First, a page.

US warns of deteriorating ties with Bangladesh over Yunus
Yunus & Grameen Bank have a positive reputation across world, especially US.
Dhaka: The US on Tuesday warned that its ties
with Bangladesh could suffer a negative fallout unless the
government reached a compromise with micro finance pioneer
Muhammad Yunus, with a top official linking Secretary of State
Hillary Clinton`s visit to Dhaka to a "successful negotiation"
of the issue.
"If there is no compromise, it will have an effect on
our bilateral relations," US Assistant Secretary of State
Robert Blake told newsmen at the fag end of his five-day visit
to Bangladesh during which he met Hasina and several other
senior government leaders.
He added that the "potential visit" of Clinton to
Dhaka would depend on a "successful negotiation" of the issue
that has arisen after the removal of Yunus from his position
as the Grameen Bank managing director last month on a
Bangladesh bank decision.
Blake, however, said Washington was still optimistic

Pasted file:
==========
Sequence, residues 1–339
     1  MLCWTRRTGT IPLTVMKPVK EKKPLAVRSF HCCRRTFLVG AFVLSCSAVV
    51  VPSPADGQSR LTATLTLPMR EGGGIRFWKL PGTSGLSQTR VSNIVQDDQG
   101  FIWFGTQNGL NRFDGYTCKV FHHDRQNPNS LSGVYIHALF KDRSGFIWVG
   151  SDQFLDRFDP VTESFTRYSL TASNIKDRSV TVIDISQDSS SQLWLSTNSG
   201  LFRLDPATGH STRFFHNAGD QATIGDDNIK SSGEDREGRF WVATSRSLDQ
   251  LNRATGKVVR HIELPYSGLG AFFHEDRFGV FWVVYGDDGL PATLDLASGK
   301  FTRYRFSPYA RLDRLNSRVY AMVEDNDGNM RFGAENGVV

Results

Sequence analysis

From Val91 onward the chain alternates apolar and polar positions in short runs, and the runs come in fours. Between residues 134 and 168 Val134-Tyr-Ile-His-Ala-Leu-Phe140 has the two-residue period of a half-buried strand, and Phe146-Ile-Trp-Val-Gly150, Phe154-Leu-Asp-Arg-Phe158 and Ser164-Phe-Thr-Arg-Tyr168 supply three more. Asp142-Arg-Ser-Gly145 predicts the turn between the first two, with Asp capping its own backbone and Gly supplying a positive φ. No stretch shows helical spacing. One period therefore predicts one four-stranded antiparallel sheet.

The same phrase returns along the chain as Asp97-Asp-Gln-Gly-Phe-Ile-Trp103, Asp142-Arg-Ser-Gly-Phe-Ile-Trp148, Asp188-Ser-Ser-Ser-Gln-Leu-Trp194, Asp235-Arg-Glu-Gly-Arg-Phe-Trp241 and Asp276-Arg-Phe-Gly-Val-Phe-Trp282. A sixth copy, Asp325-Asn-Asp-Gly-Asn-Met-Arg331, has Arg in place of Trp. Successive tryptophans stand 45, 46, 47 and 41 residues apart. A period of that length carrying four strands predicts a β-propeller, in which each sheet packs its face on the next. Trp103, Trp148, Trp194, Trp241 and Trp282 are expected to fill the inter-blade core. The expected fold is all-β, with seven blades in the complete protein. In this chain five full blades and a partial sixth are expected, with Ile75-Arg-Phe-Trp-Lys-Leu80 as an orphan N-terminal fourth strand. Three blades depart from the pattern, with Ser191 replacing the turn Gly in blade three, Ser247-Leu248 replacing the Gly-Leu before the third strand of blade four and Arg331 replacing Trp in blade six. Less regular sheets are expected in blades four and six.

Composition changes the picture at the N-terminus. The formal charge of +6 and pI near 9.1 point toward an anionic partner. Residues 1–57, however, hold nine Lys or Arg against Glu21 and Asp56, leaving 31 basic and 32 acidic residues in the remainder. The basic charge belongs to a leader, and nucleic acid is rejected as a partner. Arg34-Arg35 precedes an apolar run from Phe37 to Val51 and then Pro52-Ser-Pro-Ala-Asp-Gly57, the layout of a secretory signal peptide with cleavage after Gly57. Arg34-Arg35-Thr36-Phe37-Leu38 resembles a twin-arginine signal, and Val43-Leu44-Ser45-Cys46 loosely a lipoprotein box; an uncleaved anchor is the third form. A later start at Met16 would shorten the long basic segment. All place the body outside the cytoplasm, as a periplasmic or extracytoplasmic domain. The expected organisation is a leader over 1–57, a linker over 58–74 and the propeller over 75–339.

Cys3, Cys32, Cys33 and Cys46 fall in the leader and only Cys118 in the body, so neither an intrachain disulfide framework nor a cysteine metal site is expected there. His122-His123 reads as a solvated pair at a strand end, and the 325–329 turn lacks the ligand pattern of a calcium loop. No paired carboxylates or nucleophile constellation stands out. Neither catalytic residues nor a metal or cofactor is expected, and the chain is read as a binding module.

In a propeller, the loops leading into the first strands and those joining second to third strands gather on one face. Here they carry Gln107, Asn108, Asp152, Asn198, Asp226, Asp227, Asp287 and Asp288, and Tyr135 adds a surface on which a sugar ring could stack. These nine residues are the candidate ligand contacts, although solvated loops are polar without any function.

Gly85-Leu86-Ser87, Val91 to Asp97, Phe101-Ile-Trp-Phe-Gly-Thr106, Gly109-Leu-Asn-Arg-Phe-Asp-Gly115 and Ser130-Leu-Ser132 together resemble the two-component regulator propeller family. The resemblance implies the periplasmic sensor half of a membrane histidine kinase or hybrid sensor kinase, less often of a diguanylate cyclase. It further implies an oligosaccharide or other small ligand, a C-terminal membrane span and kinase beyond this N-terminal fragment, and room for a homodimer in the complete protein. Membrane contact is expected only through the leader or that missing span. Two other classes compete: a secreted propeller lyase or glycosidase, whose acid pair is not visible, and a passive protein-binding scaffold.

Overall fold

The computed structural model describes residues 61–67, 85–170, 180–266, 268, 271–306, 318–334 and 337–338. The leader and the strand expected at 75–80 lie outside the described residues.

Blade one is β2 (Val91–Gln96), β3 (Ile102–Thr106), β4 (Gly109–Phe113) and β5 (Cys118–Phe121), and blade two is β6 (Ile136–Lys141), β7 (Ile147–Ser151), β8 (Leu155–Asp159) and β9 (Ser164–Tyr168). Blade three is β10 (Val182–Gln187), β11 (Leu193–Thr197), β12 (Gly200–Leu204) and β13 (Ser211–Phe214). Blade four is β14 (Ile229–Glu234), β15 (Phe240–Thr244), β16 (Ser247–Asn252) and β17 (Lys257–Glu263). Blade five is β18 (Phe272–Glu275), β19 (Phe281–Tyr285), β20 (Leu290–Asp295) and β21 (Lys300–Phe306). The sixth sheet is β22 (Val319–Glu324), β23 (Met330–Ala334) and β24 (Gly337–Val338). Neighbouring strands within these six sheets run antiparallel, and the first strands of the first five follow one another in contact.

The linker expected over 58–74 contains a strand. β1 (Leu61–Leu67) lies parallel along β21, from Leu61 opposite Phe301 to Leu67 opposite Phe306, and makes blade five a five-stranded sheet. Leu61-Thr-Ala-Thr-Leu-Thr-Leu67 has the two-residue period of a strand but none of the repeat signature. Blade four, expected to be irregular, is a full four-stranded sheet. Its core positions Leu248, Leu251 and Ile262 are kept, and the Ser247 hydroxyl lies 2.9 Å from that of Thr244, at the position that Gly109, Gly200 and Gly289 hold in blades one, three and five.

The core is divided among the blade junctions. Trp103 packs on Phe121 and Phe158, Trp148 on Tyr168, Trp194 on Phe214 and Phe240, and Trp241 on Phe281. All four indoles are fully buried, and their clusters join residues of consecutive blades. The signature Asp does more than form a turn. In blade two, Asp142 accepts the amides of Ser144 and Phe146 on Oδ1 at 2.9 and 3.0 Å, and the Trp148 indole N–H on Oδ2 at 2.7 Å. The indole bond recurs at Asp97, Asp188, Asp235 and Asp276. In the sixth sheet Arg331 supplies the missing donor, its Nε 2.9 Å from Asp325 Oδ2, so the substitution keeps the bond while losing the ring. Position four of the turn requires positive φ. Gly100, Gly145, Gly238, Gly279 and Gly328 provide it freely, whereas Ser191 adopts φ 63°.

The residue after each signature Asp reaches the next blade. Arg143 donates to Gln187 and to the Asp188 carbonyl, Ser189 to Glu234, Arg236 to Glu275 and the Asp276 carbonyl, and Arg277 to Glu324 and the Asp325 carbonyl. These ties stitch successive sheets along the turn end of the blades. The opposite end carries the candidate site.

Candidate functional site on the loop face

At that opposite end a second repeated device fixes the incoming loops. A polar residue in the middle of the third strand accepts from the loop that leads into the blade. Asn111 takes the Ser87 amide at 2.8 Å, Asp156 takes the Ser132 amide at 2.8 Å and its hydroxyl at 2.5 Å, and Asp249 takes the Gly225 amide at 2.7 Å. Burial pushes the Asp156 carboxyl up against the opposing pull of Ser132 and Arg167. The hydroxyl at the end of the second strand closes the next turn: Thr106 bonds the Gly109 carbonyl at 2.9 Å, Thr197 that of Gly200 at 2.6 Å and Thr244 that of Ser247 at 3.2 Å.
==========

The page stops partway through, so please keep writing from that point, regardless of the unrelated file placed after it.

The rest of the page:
that an "amicable resolution" would be reached by the parties
involved in the process as "this is a matter of great interest
in United States".
Asked why Washington was concerned with the issue, he
said "US nationals want (it) to be settled amicably".
He said "steps that have been undertaken to undermine
the free and open civil society also certainly have an impact
on our bilateral relation" as they played a crucial role in
Bangladesh`s democratic process.
"Yunus and Grameen Bank have a positive reputation
around the world, especially in US, where a lot of Yunus and
Grameen admirers are concerned about his unnecessary removal.
.. the international community have not accepted it even,"
Bangladesh faced growing international criticism after
the removal of 70-year-old Yunus under a decision of the
Bangladesh Bank that said his 2000 appointment as the Grameen
Bank executive chief was "faulty" as it was done without a
mandatory approval from it.
Twenty six US congressmen on March 15 had urged Hasina
to amicably settle the issue, and said "we are troubled by the
removal of Dr Muhammad Yunus from his position".
The group led by Joseph Crowley and Gary Ackerman said
Bangladesh made important strides in economic growth and
fighting poverty and improving the rule of law but
"unfortunately, the situation with Dr Yunus is beginning to
overshadow these concrete gains".
Yunus lost his initial legal battle in the High Court
which upheld a Bangladesh Bank decision to remove him.
But he filed an appeal before the Appellate Division
of the Supreme Court which is set to hear the prayer later
this month. Yunus has rallied huge support of the
international community and civil society groups.